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The Transformation Of Antarctica

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posted on May, 3 2006 @ 03:50 AM
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About 41 million years ago Antarctica lost its landbridge to South America. The gateway was opened up. Suddenly an ocean current (which created a cooling effect) were swirling around Antarctica. Soon Antarctica lost its pine trees and alligators. Antartica was transformed some 30 million years ago and covered with ice.


BBC: Fossil gives clue to big chill (21 April 2006)


The gateway between the Atlantic and Pacific at the bottom of the globe opened up 41 million years ago, according to a study of old fish teeth. The research in Science pushes back the date of the forging of Drake Passage to twice as long ago as once thought. US geologists believe it kick-started the ocean current that swirls around Antarctica, helping to bring about a dramatic cooling effect. The continent was transformed from lush forest to the icy landscape of today.

The world was a very different place then. Levels of carbon dioxide were three to four times today's levels and it was so warm that alligators sunned themselves in the high Arctic. But some 30 million years ago, there was a dramatic shift in climate from "greenhouse" to "icehouse". The rapid cooling swept over the Antarctic and, over the course of several million years, its pine trees were replaced by glaciers.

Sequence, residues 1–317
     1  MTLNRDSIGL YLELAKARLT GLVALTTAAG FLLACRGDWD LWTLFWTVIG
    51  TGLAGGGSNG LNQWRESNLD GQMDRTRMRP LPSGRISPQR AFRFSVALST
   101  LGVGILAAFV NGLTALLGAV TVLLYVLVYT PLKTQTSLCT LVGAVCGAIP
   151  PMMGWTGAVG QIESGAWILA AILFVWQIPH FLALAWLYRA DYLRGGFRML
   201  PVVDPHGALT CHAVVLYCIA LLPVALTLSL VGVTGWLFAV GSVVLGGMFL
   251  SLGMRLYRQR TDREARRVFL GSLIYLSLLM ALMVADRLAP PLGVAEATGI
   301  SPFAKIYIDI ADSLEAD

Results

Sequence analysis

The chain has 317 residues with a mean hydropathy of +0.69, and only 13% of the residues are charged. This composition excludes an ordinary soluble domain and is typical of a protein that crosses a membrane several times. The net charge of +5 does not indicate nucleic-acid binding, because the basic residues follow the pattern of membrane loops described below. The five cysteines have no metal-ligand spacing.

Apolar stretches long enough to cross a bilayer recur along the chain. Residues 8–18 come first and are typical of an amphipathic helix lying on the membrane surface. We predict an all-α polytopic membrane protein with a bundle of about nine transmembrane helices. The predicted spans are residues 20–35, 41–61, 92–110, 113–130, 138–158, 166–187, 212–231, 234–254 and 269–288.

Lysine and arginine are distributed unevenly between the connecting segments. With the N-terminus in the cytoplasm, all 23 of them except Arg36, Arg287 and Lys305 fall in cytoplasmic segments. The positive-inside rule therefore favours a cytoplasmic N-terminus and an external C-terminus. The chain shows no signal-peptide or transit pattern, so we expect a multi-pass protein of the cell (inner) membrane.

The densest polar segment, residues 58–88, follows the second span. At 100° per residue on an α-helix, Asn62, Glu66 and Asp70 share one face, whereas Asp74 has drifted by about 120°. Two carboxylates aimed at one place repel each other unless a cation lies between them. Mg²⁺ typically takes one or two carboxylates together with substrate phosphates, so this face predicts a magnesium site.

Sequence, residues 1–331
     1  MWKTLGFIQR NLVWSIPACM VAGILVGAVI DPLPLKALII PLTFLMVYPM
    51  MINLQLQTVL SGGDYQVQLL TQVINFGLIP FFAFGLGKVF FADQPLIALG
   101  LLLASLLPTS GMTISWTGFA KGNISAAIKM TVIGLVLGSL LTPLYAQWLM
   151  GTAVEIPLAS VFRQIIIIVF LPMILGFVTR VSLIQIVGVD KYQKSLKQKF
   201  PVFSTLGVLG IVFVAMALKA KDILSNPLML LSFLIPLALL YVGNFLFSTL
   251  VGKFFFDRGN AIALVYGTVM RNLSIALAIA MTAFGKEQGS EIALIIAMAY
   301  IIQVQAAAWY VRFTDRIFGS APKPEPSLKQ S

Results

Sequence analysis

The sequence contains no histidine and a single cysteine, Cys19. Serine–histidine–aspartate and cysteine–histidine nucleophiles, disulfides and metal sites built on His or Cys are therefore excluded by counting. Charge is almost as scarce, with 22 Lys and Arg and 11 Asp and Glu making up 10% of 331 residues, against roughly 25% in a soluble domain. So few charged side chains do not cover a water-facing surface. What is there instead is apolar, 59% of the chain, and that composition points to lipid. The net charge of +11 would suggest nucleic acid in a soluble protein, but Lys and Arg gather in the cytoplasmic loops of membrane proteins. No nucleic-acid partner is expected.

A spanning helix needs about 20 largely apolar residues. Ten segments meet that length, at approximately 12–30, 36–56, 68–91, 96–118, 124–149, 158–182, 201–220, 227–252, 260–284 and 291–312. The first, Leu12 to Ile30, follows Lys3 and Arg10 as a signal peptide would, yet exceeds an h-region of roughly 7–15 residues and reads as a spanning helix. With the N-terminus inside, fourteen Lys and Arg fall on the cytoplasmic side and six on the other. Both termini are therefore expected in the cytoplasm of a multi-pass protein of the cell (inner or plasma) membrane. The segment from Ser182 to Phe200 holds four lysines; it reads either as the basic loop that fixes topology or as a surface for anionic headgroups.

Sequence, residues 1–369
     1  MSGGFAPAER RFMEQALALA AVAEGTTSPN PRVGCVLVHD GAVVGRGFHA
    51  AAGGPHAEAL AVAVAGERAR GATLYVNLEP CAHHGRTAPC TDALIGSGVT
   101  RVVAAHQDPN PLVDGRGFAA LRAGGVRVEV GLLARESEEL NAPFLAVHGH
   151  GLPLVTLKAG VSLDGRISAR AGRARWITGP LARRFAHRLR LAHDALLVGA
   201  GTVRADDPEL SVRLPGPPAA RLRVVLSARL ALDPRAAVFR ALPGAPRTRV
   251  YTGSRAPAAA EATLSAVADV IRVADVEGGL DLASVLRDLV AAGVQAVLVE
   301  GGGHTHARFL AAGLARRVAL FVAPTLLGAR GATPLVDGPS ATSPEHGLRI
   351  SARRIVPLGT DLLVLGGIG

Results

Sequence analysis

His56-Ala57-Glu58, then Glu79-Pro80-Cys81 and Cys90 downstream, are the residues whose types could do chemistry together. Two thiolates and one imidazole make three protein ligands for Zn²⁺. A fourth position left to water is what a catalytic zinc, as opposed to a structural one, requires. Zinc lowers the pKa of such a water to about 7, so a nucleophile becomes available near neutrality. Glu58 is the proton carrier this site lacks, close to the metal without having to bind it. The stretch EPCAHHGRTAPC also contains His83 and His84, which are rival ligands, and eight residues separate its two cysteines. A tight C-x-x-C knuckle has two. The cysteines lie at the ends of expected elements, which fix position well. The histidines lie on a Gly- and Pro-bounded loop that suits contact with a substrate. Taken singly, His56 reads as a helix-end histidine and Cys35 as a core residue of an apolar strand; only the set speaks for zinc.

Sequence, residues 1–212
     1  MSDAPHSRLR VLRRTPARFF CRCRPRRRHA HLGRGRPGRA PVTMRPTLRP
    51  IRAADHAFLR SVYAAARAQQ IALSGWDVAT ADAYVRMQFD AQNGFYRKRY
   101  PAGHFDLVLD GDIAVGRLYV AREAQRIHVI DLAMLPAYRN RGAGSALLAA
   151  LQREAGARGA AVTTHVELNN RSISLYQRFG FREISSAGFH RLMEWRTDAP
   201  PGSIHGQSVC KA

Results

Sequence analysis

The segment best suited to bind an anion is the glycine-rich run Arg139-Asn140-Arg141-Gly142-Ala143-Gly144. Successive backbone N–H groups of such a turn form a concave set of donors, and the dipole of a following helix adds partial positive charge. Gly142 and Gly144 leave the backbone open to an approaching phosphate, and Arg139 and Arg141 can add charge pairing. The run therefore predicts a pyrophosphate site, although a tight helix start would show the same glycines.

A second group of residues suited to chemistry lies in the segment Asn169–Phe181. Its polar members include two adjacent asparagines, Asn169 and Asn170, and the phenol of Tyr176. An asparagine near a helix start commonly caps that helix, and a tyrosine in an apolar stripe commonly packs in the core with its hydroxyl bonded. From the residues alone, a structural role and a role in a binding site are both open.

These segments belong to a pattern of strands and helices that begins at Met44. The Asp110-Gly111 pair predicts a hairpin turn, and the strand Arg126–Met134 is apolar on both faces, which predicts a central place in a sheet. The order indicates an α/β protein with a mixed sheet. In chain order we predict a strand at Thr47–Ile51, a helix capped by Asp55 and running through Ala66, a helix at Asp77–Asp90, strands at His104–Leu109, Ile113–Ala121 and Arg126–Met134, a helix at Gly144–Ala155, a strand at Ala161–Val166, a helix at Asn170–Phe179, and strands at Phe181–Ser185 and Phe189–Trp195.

South America and Antarctica were once joined by a land bridge. (Image: Science)

Scientists believe the formation of the ocean current that circulates around Antarctica played a key role in the cooling as it deflects warm streams of water coming from the equator.

This is interesting. Now, if we could block the ocean current and plug that hole again somehow. Then maybe we can melt the ice and make Antarctica inhabitable again
But the problem with melting ice is a massive sea level rise...




Oldest Known Painting of Antarctica

AP Photo/Yale Center for British Art




posted on May, 3 2006 @ 03:55 AM
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According to most doomsdayer's (if that is even a word) global warming will melt all of our ice caps by 2050.

So with a little patiance and more pollution you will get your wish.



posted on Sep, 11 2006 @ 07:24 PM
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If we were to melt the Icecaps completely so that the only glaciers left were in high altitudes of the mountains, would the land gained from Antarctica opening up and Greenland opening be more than that of the land that will be swallowed up by higher water levels? One thing to remember though is that right now we have nice flat and hospitable shores and land granted we can almost sort of say terraform Antarctica and Greenland but there land I cant imagine being as desirable as what we have now.



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